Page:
Unknown African Talents - Mohamed Salah
By Surya Solanki
Club: FC Basel
Age: 20 (June 15, 1992)
Market Value: £3.5million (as per current transfer market)
Dubbed as the “Egyptian Messi”, Mohamed Salah comes across as one of the brightest young footballing prospects produced by the African continent.
Ed Dove, a leading African pundit has a similar opinion about the lad.
“Salah is a very special talent - he is particularly revered in Egypt, where, after a time of intense turmoil, and the end of a cycle for the all-conquering national side of the last decade, he is the bright young thing, and the next Egyptian superstar,” said Dove in an interview with Football.com
Egypt have been facing a football turmoil over the past ten months, when fans attacked a visiting team’s supporters in the city of Port Said, killing more than 75 people in what was billed as arguably the worst cases of sports violence the mankind has ever witnessed.
However, Mohamed Salah has given the Pharaohs a ray of light and helped them shrug off and forget the demons of the scandals, riots and controversies that have riddled the ‘beautiful game’ in the historic nation.
Blessed with a lethal left-foot, blazing pace and phenomenal dribbling finesse, Salah made a name for himself at his boyhood and subsequently first professional club, Arab Contractors SC, scoring 11 times and producing three assists in 38 appearances during his stay at the Cairo-based domestic team.
The 20-year-old is known for his ability to ‘cut inside’ and create havoc in the final third with beautiful skills and trickery and his versatility is also a unique trait as Salah can play all along the attacking line.
“Mohamed Salah is a rising Egyptian talent and one of the quickest forwards Egypt has ever witnessed. He’s a savvy footballer with a natural flair for both scoring and setting up goals.“
Salah’s enthralling displays for his club and the senior and youth nation teams caught the eyes of the scouts at FC Basel and it was only a matter of time before the breakthrough team of the yesteryear Champions League handed the youngster a lucrative four-year deal.
The small set of people at the Swiss club who recognized Salah’s abundant potential saw him as a natural heir to Xherdan Shaqiri, who had agreed to ply trades at German powerhouse Bayern Munich from the current season.
Salah has certainly lived up to the expectations of his club officials, wasting no time in settling in at FC Basel by netting in three times and producing a couple of assists for his new colleagues at the St. Jakob-Park.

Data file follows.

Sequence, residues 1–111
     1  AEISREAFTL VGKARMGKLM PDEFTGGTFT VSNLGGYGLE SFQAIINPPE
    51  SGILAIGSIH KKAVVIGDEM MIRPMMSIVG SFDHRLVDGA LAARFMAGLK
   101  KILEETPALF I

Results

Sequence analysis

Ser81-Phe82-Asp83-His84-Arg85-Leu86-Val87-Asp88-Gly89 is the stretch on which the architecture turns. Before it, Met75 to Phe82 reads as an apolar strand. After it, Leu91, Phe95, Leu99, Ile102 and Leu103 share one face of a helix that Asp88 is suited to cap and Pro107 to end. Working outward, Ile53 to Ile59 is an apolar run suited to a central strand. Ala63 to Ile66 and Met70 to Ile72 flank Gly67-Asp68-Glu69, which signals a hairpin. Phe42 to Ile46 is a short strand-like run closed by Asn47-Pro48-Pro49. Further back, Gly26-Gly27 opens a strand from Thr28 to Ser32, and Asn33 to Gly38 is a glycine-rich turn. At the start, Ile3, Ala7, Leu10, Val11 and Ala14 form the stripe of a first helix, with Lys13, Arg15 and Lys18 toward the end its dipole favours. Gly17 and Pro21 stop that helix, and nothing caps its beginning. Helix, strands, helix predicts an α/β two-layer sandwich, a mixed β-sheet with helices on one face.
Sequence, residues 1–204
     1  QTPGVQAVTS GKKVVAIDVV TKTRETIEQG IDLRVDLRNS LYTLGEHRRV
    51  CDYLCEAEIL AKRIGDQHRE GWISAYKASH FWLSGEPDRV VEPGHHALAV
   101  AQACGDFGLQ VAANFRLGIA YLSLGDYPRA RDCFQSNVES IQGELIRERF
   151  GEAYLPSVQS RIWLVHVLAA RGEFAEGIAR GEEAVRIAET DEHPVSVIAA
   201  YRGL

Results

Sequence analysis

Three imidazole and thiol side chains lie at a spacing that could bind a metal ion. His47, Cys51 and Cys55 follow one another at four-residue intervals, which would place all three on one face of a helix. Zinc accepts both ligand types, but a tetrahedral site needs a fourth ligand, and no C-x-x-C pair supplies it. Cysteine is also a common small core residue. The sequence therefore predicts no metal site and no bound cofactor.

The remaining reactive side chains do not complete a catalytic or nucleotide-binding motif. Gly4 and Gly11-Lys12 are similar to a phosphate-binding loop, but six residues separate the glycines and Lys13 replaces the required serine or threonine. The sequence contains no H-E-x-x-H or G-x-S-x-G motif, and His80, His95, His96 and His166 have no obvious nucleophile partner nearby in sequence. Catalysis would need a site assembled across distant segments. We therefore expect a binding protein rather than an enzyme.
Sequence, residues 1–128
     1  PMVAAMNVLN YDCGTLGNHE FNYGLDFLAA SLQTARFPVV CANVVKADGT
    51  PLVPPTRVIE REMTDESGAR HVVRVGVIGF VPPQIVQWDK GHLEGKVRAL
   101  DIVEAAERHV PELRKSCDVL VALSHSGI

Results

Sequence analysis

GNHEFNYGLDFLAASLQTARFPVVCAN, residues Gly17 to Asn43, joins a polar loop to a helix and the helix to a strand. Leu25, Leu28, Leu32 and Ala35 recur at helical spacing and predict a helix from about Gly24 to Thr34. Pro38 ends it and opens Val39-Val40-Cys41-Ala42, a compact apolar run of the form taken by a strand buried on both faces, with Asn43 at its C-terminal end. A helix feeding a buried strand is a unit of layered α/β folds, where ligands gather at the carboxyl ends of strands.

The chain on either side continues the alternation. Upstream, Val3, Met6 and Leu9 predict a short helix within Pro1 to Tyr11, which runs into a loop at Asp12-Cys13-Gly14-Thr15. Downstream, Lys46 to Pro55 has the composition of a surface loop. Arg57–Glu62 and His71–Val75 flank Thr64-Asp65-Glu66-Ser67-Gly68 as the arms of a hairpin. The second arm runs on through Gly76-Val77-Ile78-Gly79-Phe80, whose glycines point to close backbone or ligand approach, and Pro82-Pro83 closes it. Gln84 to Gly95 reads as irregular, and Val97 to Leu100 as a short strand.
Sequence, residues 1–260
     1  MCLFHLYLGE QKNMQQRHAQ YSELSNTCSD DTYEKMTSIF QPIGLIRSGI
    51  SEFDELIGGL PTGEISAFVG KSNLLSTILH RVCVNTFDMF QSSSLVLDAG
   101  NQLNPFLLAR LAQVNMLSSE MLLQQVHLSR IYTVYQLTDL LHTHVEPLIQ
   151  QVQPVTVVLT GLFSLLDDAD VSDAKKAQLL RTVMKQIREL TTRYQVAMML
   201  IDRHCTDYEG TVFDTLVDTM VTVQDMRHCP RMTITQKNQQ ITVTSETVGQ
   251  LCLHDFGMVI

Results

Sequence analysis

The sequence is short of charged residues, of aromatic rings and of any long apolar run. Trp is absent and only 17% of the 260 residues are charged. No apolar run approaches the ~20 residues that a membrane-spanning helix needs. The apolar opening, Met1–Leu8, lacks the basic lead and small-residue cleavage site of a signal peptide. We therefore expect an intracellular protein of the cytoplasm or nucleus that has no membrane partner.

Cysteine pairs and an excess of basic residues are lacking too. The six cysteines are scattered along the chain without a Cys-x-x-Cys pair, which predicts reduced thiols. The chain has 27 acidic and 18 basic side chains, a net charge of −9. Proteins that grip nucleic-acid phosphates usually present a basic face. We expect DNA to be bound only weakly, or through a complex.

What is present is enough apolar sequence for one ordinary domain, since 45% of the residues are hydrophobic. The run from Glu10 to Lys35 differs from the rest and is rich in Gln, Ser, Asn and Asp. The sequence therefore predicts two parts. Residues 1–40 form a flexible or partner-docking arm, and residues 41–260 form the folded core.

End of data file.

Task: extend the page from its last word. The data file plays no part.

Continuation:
Like his predecessor, Salah has a tendency to directly run at the players, torment them with his exquisite dribbles and consequently often compelling them to commit haste and untimed fouls
If he continues to perform at the same level he is at the current moment, Salah has a gleaming future ahead of him and it could be only a matter of time before he is on his way to a bigger club, although for current growth and development, the Swiss league appears to be the best ‘learning ground’ for the attacker.
“With regards to the future, the interest from big clubs is justified, as there is a genuine talent there - however, Salah is raw, the mental side of his game, the decision making and the awareness, can and will improve, before he can take a major step up. I think for now, the quiet environs of the Swiss league ought to be a decent learning ground for him,” points out Dove.
Salah burst onto the European radar with whirling performances against the likes of Brazil and Belarus at the 2012 London Games.
“Despite entering the tournament with a shoulder injury, he demonstrated, in flashes, what he is capable of: a sweet finish late on against Brazil, an equaliser against New Zealand, and the opener against Belarus suggests that this could well be a man we shall be watching right up to the toppermost echelons of the sport.
“Ultimately, the Olympics was the high point of the last 18 months for Egypt - after some intense lows, they performed really quite well, and Salah proved himself to be a really bright prospect on a bigger stage. He also made his Champions League debut for Basle soon after the tournament, and performed well even though the side didn't qualify for the group stage,” Dove adds.
The high point of Salah’s enigmatic London campaign was perhaps his matchup against the Brazilian Marcelo in the second tie of Group C.
His quick and nimble feet, combined with his excellent technique on the ball and the characteristic of getting behind the defensive line tormented the Real Madrid full-back, indicating the fact that the football fanatics could be witnessing the early years of the most talented Egyptian born-and-bred player to have ever graced the pitch.
It is always hard to find negatives in prodigies like Mohamed Salah, however, the latter does possess some ingredients that often invite moderate criticism from the football pundits.
Although the 15-times capped national team star has flourished in the ‘easy’ Egyptian league and has been a massive revelation since switching allegiance to the red and blue colours of Basel, Salah’s work ethics and weak physique have been often been subject of much curiosity.
The player might be unable to meet the rigorous demands of the ‘elite’ European leagues, particularly the Premier League, as the viciously inappropriate tackles committed by the robust players in these countries could easily injure the former Al Mokawloon Al Arab man.
Moreover, like most wingers, Salah is part of the infamous ‘ball-hog breed’, consisting of players who refuse to play the simple ball to their teammates and instead, hog onto it for as long as possible, restricting the overall attacking options of the team.
Nonetheless, as aforementioned, Salah has years of development ahead and at a tender age of 20, the attacker is bound to showcase exponential growth that could help him overcome his negatives and capitalize on his vast array of potential.